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Sweden pushes global marketing.

The European Community (EC) becomes a unified economic entity in January, 1993. That act promises to reshape the competitive forces governing the world's manufacturing structure. One country that has put the political wheels in motion to become a bigger part of that restructuring is Sweden.

Sweden is currently a part of EFTA (European Free Trade Assn), which since 1972 has been trading freely with the EC in manufactured goods. With EC-92 (the economic unification of the European Community countries) on the horizon, EFRA and the EC started talking economic merger in 1989. In addition, Sweden is in the process of initiating its own action to become a member state of the European Community.

An agreement between EFRA and the European Community may be effected by the time EC-92 becomes a reality, but full membership for Sweden isn't expected before 1995, a government official feels. Several factors have to be resolved before Sweden's application can be approved, including its neutrality. Either way, it's sure that Sweden will become a bigger player in the world economic and industrial game in the future.

It's already well on its way. Sweden is known for its tennis stars and herring dishes. What is less well known is that the Nordic nation is home for quite an industrial base-especially considering its location and size. Latitudinally it is on a parallel with Alaska, but because of the proximity of the warm Gulf Stream it doesn't suffer the severe weather extremes. It's known as the Land of the Midnight Sun because during July and August the sun doesn't set. About the size of Texas, it counts a population of only about 8.6 million.

Even so, it can boast of being home for two world-class auto manufacturers--Volvo and Saab. Saab-Scania, the parent of Saab auto, recently formed a joint venture with General Motors and transferred its entire passenger-car operation to the new organization.

Volvo, in addition to producing a car popular with the Yuppie set, has captured the attention of the world's manufacturing community because of its management philosophy of building cars with teams of workers as opposed to the more traditional assembly line.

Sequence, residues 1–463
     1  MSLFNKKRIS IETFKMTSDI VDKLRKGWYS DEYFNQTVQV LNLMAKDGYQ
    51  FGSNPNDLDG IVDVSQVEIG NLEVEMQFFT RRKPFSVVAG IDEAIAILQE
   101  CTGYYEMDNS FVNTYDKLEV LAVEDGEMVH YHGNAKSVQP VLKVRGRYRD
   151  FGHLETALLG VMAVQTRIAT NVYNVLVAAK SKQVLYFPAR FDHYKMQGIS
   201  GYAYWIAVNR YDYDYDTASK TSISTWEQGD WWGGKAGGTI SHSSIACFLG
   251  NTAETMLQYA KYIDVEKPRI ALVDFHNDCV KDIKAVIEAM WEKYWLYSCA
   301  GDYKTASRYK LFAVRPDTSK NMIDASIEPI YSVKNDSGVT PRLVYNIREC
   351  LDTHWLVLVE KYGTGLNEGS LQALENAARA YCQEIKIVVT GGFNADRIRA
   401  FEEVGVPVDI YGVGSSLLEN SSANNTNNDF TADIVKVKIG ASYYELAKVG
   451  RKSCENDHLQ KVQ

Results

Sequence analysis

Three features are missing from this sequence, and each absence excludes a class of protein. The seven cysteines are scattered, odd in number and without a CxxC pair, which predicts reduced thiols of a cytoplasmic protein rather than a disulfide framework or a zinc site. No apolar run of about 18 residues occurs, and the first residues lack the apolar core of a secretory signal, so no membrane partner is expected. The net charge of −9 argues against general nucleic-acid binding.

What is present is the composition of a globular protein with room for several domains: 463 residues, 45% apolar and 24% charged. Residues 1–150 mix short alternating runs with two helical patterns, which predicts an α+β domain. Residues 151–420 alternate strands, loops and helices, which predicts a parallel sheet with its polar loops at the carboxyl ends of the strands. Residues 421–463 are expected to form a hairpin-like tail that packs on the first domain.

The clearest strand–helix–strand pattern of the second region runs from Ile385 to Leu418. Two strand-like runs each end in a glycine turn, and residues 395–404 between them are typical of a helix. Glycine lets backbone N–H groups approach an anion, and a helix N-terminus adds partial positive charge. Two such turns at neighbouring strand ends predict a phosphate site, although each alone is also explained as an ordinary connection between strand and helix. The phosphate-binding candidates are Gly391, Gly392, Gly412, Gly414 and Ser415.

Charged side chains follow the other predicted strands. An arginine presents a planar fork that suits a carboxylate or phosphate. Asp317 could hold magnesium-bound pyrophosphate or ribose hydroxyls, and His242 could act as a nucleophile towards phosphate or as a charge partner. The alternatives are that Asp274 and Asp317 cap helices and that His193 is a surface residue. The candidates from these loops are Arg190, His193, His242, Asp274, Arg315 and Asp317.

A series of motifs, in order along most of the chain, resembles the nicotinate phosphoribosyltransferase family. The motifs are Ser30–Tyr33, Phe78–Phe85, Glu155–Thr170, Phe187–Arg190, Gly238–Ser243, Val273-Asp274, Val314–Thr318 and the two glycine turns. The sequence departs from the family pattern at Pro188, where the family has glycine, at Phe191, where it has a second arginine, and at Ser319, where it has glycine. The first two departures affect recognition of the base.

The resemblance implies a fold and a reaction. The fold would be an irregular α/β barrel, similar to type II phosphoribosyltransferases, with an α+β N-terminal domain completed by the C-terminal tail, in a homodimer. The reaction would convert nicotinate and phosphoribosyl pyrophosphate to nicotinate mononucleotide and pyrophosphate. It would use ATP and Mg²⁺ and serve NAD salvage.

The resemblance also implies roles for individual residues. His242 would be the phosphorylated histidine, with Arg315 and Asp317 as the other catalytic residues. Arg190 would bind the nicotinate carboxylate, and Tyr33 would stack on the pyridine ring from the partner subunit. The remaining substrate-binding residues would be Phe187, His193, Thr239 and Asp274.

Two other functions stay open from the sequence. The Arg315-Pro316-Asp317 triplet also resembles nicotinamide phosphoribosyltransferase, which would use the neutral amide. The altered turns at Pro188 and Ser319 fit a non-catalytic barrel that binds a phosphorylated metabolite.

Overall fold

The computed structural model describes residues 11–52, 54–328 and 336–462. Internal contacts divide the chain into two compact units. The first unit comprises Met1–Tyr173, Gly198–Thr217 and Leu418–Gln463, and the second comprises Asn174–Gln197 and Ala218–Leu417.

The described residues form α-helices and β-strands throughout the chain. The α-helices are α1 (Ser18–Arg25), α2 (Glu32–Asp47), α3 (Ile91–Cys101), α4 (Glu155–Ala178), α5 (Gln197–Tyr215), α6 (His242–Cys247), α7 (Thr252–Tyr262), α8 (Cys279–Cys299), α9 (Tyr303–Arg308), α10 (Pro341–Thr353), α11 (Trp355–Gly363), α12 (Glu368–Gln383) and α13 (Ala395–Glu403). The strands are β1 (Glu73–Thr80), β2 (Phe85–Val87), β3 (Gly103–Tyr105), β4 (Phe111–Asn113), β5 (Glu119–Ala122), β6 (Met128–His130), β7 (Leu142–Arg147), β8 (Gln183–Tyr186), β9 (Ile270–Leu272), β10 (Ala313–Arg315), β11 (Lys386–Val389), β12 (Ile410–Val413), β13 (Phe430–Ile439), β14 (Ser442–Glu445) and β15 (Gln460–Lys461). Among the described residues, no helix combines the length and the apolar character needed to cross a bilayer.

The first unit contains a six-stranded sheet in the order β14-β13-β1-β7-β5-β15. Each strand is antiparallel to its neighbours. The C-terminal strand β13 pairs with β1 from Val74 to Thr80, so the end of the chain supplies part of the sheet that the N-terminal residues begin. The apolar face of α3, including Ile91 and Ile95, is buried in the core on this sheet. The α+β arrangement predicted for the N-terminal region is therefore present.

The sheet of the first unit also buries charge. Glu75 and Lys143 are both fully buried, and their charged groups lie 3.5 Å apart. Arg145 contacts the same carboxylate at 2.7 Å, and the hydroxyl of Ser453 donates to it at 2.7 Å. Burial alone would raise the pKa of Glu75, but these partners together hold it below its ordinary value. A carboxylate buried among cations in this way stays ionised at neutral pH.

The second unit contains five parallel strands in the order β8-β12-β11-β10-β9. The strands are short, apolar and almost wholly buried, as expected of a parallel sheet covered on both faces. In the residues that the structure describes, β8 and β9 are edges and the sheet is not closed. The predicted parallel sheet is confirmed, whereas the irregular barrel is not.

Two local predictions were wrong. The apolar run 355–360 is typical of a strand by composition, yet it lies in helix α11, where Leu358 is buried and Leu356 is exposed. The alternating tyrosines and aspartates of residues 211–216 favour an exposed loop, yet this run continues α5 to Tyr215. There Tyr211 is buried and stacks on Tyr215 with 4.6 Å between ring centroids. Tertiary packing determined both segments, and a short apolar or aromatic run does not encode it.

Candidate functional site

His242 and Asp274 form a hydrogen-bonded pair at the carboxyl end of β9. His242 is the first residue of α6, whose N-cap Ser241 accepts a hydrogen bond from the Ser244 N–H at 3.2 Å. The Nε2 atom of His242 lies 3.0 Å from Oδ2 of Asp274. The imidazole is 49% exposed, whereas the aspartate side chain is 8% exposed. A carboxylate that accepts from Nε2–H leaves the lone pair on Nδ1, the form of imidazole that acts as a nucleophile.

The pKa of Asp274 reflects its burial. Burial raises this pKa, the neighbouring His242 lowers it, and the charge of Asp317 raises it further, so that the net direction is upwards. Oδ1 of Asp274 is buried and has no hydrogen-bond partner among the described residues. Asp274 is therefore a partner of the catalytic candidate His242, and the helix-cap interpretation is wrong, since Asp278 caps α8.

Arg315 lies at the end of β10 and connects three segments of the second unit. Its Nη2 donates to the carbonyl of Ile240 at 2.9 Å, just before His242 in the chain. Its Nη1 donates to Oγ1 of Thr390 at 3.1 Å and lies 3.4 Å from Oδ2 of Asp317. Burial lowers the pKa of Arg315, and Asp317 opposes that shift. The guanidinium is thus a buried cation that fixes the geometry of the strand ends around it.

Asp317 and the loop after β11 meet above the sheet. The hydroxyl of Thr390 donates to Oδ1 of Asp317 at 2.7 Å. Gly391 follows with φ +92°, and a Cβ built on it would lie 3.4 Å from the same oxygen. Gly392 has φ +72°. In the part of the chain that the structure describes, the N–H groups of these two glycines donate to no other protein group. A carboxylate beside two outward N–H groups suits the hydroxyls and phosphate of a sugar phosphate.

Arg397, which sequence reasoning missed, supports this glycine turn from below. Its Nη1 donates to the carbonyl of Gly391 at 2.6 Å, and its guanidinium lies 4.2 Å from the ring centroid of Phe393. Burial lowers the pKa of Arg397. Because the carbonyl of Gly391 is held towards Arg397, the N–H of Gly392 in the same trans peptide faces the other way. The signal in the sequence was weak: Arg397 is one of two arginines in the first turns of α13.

It's finding, however, that the concept is not the end-all in manufacturing manufacturing management. One of the personnel people there admitted to a group of US journalists that Volvo is finding out the hard wa that the can't totally replace foremen with rotating team leaders. Not everyone can, nor wants, to be a leader.

Even so, Swedish companies continue their search to improve the workplace, extending their philosophy to the design of the workplace and ergonomics. Saab uses teams of eight to 12 workers and job rotation in an effort to alleviate job boredom.

Beyond developing appropriate management techniques, Sweden's ability to create challenging jobs, because of its limited domestic market, depends on its ability to create exports. The Swedish economy is heavily dependent on trade for its continued prosperity. It exports about a third of its GDP (gross domestic product).

As such, many Swedish firms are world leaders in their market areas and export more than 90% of their production annually. Unlike US firms, they grow up thinking internationally.

Here are some examples:

* Sandvik, a leading cutting-tool manufacturer, appears to be about as close to a world company as possible. It exports 97% of its production and has 29 companies, 35 production units, and 12 training centers in 50 countries. It's set up to deliver anywhere in the world within 48 hr from Sweden. It even has a separate sales company to service Sweden, so customers there get the same treatment as a user around the globe.

* ESAB, a leading supplier of robotic welding systems and mechanical cutters, generates 92% of its sales outside of Sweden. Almost a half are to Western Europe, a fifth to the US, and only 15% to bordering Nordic countries.

* ABB Robotics has 25,000 robots on the job--in 14,000 Europe, 8000 in the US, and even 3000 in Japan. It has production facilities in Spain, Norway, and the US, in addition to its home base in Sweden.

* Seco Tools has 17 subsidiary companies and a number of agents and distributors in some 40 countries, including Carboloy, which it bought in 1987. It does more than 90% of its selling outside Sweden.

* Hand-tool manufacturer, Atlas Copco, which counts Chicago Pneumatic as a subsidiary, does 92% of its business outside Sweden. It markets in 50 countries

and, like Sandvik, guarantees delivery anywhere in the world within 48 hr.

* BT Systems Group, supplier of material-handling and warehouse systems, counts 80% of its sales outside its home base. It is a leader wit more than 6000 AGVs (automatic guided vehicles) in service around the world.
COPYRIGHT 1991 Nelson Publishing
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Copyright 1991 Gale, Cengage Learning. All rights reserved.

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Publication:Tooling & Production
Date:Aug 1, 1991
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